first_imgSAN JOSE — Logan Couture has been named the Sharks’ new captain by coach Pete DeBoer, the team announced Thursday morning.Couture, 30, a first round draft pick (ninth overall) by the Sharks in 2007, has spent all 10 years of his NHL career with San Jose and served as an alternate captain to Joe Pavelski from 2015-2019. Pavelski signed a three-year contract with the Dallas Stars on July 1 as a free agent.Along with Couture, Brent Burns, Tomas Hertl, Erik Karlsson, and Joe Thornton will each …last_img

Farm Science Review highlights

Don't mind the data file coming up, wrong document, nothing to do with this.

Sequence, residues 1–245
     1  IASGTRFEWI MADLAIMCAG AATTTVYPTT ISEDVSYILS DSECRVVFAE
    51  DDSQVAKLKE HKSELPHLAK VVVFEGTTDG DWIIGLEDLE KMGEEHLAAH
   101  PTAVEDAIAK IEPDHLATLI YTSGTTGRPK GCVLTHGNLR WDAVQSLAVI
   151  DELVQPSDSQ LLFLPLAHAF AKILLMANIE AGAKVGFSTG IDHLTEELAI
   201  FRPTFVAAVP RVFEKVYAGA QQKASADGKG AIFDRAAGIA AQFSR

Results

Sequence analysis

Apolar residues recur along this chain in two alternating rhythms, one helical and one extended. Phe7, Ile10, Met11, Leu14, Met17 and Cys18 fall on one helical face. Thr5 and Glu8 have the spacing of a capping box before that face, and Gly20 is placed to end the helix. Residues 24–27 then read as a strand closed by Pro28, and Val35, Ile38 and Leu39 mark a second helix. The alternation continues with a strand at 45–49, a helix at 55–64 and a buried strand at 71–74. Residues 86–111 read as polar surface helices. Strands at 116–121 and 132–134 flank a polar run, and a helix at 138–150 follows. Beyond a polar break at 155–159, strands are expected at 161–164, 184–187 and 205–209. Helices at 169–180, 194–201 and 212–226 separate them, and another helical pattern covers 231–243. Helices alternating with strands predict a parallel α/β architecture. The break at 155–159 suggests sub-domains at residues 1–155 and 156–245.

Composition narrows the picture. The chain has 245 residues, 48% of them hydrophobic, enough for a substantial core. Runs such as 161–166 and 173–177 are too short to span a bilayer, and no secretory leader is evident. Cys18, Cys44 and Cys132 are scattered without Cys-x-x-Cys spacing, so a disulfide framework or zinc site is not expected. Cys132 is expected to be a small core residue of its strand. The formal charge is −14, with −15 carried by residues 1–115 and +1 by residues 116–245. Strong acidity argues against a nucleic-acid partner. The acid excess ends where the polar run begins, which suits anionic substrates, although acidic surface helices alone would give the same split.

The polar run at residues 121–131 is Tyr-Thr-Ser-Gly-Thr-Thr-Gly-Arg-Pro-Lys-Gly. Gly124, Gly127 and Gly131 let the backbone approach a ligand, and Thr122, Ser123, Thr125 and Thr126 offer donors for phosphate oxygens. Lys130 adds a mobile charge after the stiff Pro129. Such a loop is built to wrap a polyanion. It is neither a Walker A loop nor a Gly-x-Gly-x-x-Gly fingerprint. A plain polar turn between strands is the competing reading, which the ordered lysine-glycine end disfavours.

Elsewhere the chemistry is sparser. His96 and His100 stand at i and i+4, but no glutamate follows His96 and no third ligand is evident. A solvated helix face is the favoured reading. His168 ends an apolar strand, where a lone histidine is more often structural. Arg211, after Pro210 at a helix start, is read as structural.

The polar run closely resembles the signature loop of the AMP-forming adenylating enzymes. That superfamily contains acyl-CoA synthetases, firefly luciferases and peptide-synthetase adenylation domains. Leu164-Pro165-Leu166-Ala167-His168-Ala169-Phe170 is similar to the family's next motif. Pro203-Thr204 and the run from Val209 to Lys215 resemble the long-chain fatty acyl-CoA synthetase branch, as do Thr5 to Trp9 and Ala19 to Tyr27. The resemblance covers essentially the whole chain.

first_imgShare Facebook Twitter Google + LinkedIn Pinterest Ernst and McFarland 2017 FSR Hall of Farm inducteesThe FSR will induct Stan Ernst and Louis McFarland into the 28th class of honorees for the Hall of Fame. Ernst and McFarland will join the 75 other individuals who have been recognized for their contribution to the FSR since its inception 55 years ago.Ernst has been a champion of the FSR and The Ohio State University for 27 years, specifically of the educational efforts conducted by the college and Ohio State University Extension. He served as news and media relations coordinator, Extension outreach program manager, and specialty crop/food business program manager and marketing specialist during his tenure at Ohio State. The various positions and areas of responsibilities that fell under Ernst’s leadership provided him the opportunity to continually direct quality educational programming.“This has helped shape and improve the standard of educational programming conducted by OSU Extension and others during the Review that continue to improve each year,” Zachrich said.For many years, Ernst led the program known as “Question the Authorities” which still exists today as “Ask The Expert,” where a variety of speakers discuss current topics in agriculture.“Stan will be remembered by many as the ‘Question Guy’ for his years in planning ‘Question the Authorities,’ but his efforts go far beyond just this program,” Zachrich said.On many occasions, Ernst, who now lives in State College, Pennsylvania, has stepped up to provide operational and physical support to FSR programs and projects.“His passion for the agricultural industry and for providing important information to farmers and the rural community on agricultural economics and other current agricultural topics has benefited and enhanced the experience of Review visitors for many years,” Zachrich said.The leadership and guidance provided by land improvement contractor McFarland over the past four decades has been instrumental in the construction of many educational and land improvement infrastructures at the Molly Caren Agricultural Center.“Many of us take for granted the construction and installation of the projects under the leadership of Louis at the Review’s site,” Zachrich said.Many field drainage improvements, pond construction, wetland construction and waterway construction have been led or assisted by McFarland and implemented under his thoughtful and watchful eye. These projects are located in various areas of the 2,100-square-foot facility including the FSR exhibit area, farm fields including field demonstration areas, and the Gwynne Conservation Area.“During a wet September, the quality of experience at the show is particularly enhanced for visitors and exhibitors alike because of the extensive drainage improvements Louis made to the Review’s site. Also, the ponds and wetland at the Gwynne are enjoyed by many and will be for years to come,” Zachrich said.McFarland of Circleville has also been instrumental in the development of an annual Ohio Land Improvement Contractors Association (OLICA) field day held as a portion of the FSR field demonstrations. The cropland and field demonstrations at the FSR benefit from the drainage improvements that OLICA continues to make annually. Tips for handling tough labor issues in agFaced with a decades-long struggle to find laborers, farmers can still do a lot to attract and keep their staff and lighten their load with technology.When the economy is healthy or at least improving, the search for farm employees becomes even more challenging even though farm wages, at $12 on average across Ohio, are well above the state’s minimum wage, said Gustavo Schuenemann, an Ohio State University Extension veterinarian.With farm work being so physically rigorous and requiring long work days, often people opt instead for an 8-hour work day in an office or store, said Schuenemann, who’s also an associate professor in the Department of Veterinary Preventive Medicine. Technology may be part of the solution to make up for the scarcity of workers, he said. Smart tractors drive themselves. An automatic feeder can push feed into the animal stalls periodically throughout the day so the animals can reach the food. A robot could even clean and prep a cow for mechanized milking.However, as useful as it is, technology likely won’t eliminate all staff necessary on a farm, so farmers still need to know how best to manage their staff, said Schuenemann, who will offer advice on managing farm labor during the FSR on Sept. 19. Schuenemann will speak from noon to 12:20 p.m. as part of the “Ask the Expert” program offered daily at the FSR.While fair pay and offering health insurance can be a drawing card for employees, the most common complaint Schuenemann hears from farm workers is that they’re poorly managed. Frequently, farmers and farm managers create work schedules that don’t offer some flexibility and take into consideration the workers’ needs, Schuenemann pointed out. An employee may not want a night shift or a Sunday shift, or he or she may not want or be able to work 12 hours at a time for six or seven days a week, or work on ever-changing shifts. Any resulting discontentment among employees increases the odds that the workers quit, Schuenemann said.Aggressive-style management rarely works, he said. Farmers need to put themselves in the shoes of their workers because empathy can go a long way toward creating an environment in which employees want to stay.“A farmer might start out taking care of 200 cattle, but in 15 years, could grow to have 2,000 or more. At that point, he’s managing people, not just cows,” but he might not have the skills needed to manage the staff, Schuenemann said. “You can find people who know how to work with cows, but it’s difficult to find people who like or know how to manage other people, and that’s an important problem to fix.”If it isn’t, turnover is inevitable. Some farmers Schuenemann has worked with see over half their employees leave every year.“They never stop training people,” he said. “It’s a futile cycle. People are leaving and coming, leaving and coming.”Many times farm employees and their managers don’t communicate with each other often enough, so problems arise and discontentment can grow quickly, Schuenemann said. The farm owner or a manager should meet with employees at least once a week to discuss and resolve any problems, he said.“If the farmer focuses on managing the work environment, it has a profound impact on everyone’s attitude,” Schuenemann said. “And when attitude goes up, everything gets better without much investment.”last_img read more